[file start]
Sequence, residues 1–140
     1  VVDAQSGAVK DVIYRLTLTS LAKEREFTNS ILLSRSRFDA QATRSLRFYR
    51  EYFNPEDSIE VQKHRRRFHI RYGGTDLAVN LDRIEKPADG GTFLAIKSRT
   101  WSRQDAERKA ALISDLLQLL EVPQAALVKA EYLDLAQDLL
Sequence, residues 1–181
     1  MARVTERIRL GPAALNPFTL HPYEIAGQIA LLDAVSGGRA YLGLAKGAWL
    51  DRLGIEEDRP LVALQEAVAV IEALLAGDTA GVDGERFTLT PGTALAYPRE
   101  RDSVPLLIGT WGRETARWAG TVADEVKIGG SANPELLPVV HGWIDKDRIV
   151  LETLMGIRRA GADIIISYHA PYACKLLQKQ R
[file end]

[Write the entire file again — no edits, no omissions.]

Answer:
Sequence, residues 1–140
     1  VVDAQSGAVK DVIYRLTLTS LAKEREFTNS ILLSRSRFDA QATRSLRFYR
    51  EYFNPEDSIE VQKHRRRFHI RYGGTDLAVN LDRIEKPADG GTFLAIKSRT
   101  WSRQDAERKA ALISDLLQLL EVPQAALVKA EYLDLAQDLL
Sequence, residues 1–181
     1  MARVTERIRL GPAALNPFTL HPYEIAGQIA LLDAVSGGRA YLGLAKGAWL
    51  DRLGIEEDRP LVALQEAVAV IEALLAGDTA GVDGERFTLT PGTALAYPRE
   101  RDSVPLLIGT WGRETARWAG TVADEVKIGG SANPELLPVV HGWIDKDRIV
   151  LETLMGIRRA GADIIISYHA PYACKLLQKQ R